Wednesday, 12 June 2013

Making a 17th century shirt- Preparations and cutting

Today I cut out and started sewing a 17th century shirt for J. I'm basing it on a pattern in Janet Arnold's Patterns of Fashion 4, on page 74-75. Shirt patterns didn't change much over the course of the 16th to 18th century and all the patterns I have seen after extant examples looks basically like this: A long rectangle forms the body, smaller rectangles the sleeves and there is a square forming a gusset under the sleeves. There are small rectangular pieces forming cuffs and neckband. Details differs and measurements, but that's the general idea. The reasons for choosing just the patterns I did, are several.

The original shirt, complete with blood stains.
Livrustkammaren 21454 (5793:1)
It fits the time period. The shirt was worn by Admiral Claes Bielkenstierna when he was killed in 1659. J's planned outfit will be mid-17th century.

It is Swedish. As I'm a Swede, I always enjoy the chance of using a pattern of a garment that has actually been worn in Sweden.

It is plain. Most extant shirt has been persevered because they are very pretty, with embroidery and lace. Livrustkammaren, the Swedish Royal Armoury where Claes Bielkenstierna shirt is, has had a bit different view on garments worth saving, like being a shirt worn when somebody important was killed. This particular shirt is very much an everyday shirt, even if the linen is fine and linen quite nice. Despite the plainness it still have some interesting details like a pleated section on the sleeves, a little spider web design on the front sleeves and some decorative back stitched on the neckband. There are also small worked bars at key-points to prevent tearing as well as extra fabric added for reinforcement at several places.

The material I will be using is white shirt weight linen. I plan to sew it completely by hand as I like to have a project that I can take with me and work on at odd moments. I also plan to follow the original construction as close as possible. There are a few differences in the measurements. The original shirt is about 120 cm long, mine will be about 100 for tech simple reason that I didn't have enough linen. The original sleeves measure ca 89X64 cm but as J is tall I had lengthened the sleeves to 67 cm. The gussets is 8X8 cm, as is the original ones. I haven't cut the cuffs and neckband yet, but will cut those to fit J.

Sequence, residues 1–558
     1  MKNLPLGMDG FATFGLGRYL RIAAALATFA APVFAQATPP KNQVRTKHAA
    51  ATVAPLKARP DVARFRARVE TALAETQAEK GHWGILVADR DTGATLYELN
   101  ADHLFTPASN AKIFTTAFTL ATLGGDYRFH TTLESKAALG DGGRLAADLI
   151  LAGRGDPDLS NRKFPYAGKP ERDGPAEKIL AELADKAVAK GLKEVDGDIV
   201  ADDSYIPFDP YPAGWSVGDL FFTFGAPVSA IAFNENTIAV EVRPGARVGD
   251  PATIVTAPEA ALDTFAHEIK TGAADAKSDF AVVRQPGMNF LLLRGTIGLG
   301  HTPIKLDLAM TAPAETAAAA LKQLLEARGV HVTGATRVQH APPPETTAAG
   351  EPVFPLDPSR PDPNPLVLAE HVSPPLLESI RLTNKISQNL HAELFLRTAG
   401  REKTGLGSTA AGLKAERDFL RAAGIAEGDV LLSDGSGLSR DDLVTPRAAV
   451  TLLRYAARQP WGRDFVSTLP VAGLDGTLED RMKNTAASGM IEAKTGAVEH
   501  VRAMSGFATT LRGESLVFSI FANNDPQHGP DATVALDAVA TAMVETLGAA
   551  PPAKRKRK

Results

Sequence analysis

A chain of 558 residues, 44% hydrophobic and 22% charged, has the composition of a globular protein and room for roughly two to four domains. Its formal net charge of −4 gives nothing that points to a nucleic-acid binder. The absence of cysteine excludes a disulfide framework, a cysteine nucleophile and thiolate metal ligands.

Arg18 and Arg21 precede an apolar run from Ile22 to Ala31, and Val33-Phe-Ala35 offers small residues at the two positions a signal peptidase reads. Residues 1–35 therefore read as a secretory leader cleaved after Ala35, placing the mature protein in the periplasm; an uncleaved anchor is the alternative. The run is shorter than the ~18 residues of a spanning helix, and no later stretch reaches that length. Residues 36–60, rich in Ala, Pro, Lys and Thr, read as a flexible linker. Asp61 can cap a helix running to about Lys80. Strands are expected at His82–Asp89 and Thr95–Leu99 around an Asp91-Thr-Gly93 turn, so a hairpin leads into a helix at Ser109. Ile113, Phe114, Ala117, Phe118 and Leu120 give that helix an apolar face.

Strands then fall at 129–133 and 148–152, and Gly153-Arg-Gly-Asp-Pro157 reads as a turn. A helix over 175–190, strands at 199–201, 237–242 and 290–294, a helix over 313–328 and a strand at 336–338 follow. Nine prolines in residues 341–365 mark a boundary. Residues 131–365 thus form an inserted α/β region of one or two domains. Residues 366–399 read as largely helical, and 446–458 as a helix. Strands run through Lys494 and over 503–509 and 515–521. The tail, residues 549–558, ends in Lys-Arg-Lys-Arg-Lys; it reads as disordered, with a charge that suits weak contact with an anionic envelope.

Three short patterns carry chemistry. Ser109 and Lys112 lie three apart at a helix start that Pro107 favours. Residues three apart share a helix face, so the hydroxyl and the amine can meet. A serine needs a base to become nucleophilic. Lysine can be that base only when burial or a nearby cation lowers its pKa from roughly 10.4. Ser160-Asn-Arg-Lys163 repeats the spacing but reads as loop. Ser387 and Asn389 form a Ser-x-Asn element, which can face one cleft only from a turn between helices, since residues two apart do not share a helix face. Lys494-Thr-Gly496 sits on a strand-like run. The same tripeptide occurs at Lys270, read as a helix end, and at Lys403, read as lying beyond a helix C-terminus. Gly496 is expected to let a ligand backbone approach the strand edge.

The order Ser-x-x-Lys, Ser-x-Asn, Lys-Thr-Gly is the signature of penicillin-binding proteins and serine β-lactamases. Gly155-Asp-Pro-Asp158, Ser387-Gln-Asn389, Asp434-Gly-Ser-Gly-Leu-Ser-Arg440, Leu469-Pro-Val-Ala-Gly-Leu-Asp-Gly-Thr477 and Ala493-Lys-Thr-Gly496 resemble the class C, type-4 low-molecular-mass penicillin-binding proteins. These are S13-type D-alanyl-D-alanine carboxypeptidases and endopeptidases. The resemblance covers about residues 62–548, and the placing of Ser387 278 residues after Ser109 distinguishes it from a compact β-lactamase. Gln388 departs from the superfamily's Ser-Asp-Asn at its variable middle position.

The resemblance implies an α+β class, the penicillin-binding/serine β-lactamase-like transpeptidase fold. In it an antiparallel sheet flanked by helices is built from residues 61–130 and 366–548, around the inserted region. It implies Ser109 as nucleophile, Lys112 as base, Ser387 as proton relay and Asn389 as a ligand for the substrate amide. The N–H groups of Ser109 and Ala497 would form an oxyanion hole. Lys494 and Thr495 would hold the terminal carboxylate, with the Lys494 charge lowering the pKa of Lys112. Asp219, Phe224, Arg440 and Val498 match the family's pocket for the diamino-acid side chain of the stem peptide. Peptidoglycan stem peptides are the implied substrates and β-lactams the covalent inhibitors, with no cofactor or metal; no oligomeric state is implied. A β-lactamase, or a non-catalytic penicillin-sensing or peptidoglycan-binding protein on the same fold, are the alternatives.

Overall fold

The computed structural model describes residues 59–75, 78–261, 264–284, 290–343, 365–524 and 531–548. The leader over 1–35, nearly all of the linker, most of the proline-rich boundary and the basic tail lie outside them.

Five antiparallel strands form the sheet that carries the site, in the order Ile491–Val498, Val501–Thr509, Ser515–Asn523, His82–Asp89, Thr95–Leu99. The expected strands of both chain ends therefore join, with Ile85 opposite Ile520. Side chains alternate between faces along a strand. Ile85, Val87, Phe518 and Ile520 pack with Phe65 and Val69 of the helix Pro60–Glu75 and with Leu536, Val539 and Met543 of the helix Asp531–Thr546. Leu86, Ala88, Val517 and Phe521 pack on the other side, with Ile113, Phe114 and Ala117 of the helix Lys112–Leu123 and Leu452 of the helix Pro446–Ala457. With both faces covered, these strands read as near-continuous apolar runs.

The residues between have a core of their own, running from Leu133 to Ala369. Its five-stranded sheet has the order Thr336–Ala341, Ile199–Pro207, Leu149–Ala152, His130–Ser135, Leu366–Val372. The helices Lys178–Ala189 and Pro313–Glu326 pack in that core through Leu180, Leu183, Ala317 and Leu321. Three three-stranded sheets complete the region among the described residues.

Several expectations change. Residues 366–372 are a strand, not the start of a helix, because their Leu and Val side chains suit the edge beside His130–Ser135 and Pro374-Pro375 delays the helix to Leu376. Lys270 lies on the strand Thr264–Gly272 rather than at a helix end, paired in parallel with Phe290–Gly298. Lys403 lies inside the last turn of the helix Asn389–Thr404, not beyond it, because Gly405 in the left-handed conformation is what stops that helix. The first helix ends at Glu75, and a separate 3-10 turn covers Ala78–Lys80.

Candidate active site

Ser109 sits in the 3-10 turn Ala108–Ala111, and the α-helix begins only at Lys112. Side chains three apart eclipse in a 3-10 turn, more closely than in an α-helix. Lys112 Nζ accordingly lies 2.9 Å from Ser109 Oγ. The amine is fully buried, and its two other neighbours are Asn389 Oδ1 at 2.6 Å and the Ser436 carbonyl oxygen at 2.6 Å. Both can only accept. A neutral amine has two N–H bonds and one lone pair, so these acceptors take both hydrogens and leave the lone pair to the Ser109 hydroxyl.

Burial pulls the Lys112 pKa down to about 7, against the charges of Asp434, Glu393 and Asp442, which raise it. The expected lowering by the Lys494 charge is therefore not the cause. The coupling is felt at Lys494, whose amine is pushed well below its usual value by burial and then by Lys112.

All set to cut. The tail belong to Spiff who helped by wighing down the fabric.
The original fabric was just 100 cm wide which is also the width of the shirt, making the most use of the selvages. Modern fabrics are much wider and tech selvages looks different. So another difference is that I will make a tiny hem all around the body piece before I attaches the sleeves and the gussets. I will also hem the sides of the sleeves the same way. The original shirt has such an hem on edges that doesn't have selvage, so it doesn't feel too far-fetched. The original have hems that are just 1.5 mm wide, which is far too tiny for my sewing skills- my hems will be about 2.5 mm.

So now a lot of hemming is in the stars. I will return to you on the shirt subject when it is time to make the neck band.

Read more

A dicsussion on the early modern shirt and the making of one at The Costume Historian.

Making a plain shirt.
An extant shirt in England, similar to Claes Bielkestierna's.

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